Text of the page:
Early Friday morning at about 6 AM I had a "one to one" (BNI's vernacular for a meeting between two people) with Geoff Kirkwood while we walked along the beach. Heck, I was still on EST and Geoff couldn't decide what time zone his body was in either, since he'd flown in from Australia on Sunday. Geoff is the national director for BNI/Austalia and is also a very creative person. (He's also a major flirt!) I feel very lucky to have met him at last year's conference. He is the spark behind a new BNI initiative -- International Networking Week/Day. This first ever celebration is scheduled to happen the first full week of February from this point forward. This year (2007) it will be Feb 5 - 9, with the 6th being the official networking day.

Can you imagine what could happen if groups all around the world concentrated their relationship building on that one day? Gosh, maybe leaders would actually talk with each other instead of just posturing.

If you could plan an event for this day, how would you celebrate?

Monday, November 06, 2006

Madness Curve

Yesterday, I walked into a meeting a little late, having been delayed at the previous meeting. Within about 30 seconds I wanted to turn around and leave the meeting. The president was trying to deliver a message. She was interrrupted.

One member, who tends to be a trouble-maker, decided that she had the floor. There was lots of "you said this; someone said that; I didn't get treated right; my problems are bigger than yours; etc."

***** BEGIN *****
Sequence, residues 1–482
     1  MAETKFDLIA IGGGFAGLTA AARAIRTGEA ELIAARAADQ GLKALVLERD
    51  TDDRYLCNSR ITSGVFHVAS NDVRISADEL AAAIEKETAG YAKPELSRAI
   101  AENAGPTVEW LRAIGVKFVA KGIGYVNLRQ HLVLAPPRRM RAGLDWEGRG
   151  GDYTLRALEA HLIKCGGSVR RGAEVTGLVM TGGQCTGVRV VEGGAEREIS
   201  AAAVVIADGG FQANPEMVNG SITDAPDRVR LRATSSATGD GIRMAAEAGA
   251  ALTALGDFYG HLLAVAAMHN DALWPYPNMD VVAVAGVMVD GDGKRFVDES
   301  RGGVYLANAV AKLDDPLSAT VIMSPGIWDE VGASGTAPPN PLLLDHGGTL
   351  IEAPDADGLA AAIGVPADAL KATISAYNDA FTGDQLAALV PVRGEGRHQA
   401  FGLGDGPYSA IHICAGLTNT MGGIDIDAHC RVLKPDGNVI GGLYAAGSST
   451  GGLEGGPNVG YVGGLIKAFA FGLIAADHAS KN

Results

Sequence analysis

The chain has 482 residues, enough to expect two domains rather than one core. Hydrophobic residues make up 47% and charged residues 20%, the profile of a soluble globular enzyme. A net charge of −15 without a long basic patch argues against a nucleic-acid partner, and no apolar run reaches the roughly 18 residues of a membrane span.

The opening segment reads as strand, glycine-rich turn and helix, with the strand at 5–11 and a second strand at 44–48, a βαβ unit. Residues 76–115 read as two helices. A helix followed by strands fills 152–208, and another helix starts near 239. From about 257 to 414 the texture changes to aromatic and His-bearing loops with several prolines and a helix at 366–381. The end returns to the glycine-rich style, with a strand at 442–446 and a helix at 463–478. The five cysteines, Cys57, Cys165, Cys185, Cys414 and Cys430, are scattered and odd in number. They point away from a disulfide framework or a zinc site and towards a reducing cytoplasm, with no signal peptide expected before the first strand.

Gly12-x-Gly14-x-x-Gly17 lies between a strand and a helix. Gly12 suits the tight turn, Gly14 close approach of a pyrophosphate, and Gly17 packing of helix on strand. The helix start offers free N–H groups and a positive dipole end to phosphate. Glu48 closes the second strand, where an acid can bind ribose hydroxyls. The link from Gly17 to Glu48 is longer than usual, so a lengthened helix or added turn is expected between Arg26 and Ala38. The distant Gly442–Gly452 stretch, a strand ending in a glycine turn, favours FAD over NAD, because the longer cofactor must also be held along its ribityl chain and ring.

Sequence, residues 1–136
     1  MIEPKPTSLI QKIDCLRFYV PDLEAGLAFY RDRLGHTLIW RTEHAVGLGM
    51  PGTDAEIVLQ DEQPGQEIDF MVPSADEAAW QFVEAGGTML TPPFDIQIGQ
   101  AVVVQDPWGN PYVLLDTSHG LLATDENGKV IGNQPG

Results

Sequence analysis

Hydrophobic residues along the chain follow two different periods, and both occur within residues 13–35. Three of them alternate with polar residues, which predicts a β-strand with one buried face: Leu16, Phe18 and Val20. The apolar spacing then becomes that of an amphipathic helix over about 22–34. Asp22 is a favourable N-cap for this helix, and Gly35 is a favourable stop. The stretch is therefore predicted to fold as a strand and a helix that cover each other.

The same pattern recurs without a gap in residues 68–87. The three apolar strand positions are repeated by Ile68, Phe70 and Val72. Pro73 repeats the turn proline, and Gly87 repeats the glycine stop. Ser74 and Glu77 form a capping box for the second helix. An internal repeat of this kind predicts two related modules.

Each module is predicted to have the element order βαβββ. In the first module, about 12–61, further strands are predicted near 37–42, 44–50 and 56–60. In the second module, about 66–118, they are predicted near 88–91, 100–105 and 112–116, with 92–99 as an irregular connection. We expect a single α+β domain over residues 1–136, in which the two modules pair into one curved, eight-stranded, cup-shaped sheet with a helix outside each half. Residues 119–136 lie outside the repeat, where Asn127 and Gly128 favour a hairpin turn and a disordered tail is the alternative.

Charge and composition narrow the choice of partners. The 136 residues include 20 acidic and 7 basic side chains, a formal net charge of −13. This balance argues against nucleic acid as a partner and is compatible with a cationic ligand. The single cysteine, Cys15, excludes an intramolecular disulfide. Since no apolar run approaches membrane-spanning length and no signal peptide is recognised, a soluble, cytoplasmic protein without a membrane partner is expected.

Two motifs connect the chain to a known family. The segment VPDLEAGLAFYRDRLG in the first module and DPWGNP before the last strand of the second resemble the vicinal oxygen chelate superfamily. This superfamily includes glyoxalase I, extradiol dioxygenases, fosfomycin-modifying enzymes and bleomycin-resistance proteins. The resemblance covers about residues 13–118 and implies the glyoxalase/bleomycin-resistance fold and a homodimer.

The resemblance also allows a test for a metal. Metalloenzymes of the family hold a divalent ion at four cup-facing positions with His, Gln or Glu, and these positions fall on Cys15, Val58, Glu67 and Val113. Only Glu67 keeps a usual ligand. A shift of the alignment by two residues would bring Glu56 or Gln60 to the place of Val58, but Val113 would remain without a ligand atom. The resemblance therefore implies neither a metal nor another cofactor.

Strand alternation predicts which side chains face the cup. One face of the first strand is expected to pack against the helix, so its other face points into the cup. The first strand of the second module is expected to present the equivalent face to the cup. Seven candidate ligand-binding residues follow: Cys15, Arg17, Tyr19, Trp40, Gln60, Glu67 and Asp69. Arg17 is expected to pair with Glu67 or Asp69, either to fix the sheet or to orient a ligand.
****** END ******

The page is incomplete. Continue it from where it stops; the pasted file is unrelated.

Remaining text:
It is a good thing that I was not the person leading the meeting because I would have told that person to shut-up or leave. Not too politically correct.

It all made me mad....mad that women do that snippy thing. Men don't do it. Yeesh!

Talk about going backwards on the relationship module. There was not a speck of relationship building happening.

Saturday, November 04, 2006

Funny Things That Can Happen

Yesterday, I was in Akron presenting to the Great Lakes Region Chapter 34, of the Association of YMCA Professionals. My good friend, Jody Alexander, Executive Director of the Fort Meigs Center for Health Promotions, YMCA in Perrysburg, Ohio,
was the person who arranged this speaking engagement for me. (And by the way, she won an award at this event for "Budget Management.")

The funniest thing happened that in all my years of presenting this takes the cake!

I had just begun the first session -- the one most presenters fear -- the first one after lunch. I knew that I had to be upbeat, and have a quick rhythm to keep the participants awake in the hot room. About ten minutes in, I realized that many were laughing and smiling and I congratulated myself that I was getting them engaged.

Well-ll-ll, not quite! We were in this beautiful room with windows looking out over a breath-taking, cascading river. IT WAS WINDOW WASHING TIME! Yep, you got it, the whole nine yards of the dangling ropes and the horizontal, ladder-type apparatus descending outside those very windows. Then the crew started squeegeeing the windows. Talk about distraction. But I have to give a hand to the "Y" professionals. They exhibited their professionalism. One participant got up from her seat and pulled the drapes closed as far as they would go, and the others just came back to the topic at hand. We barely missed a beat. And I don't think they fell asleep either.

Okay, presenters, can you top that? What's the funniest distraction you've ever had when you've been presenting?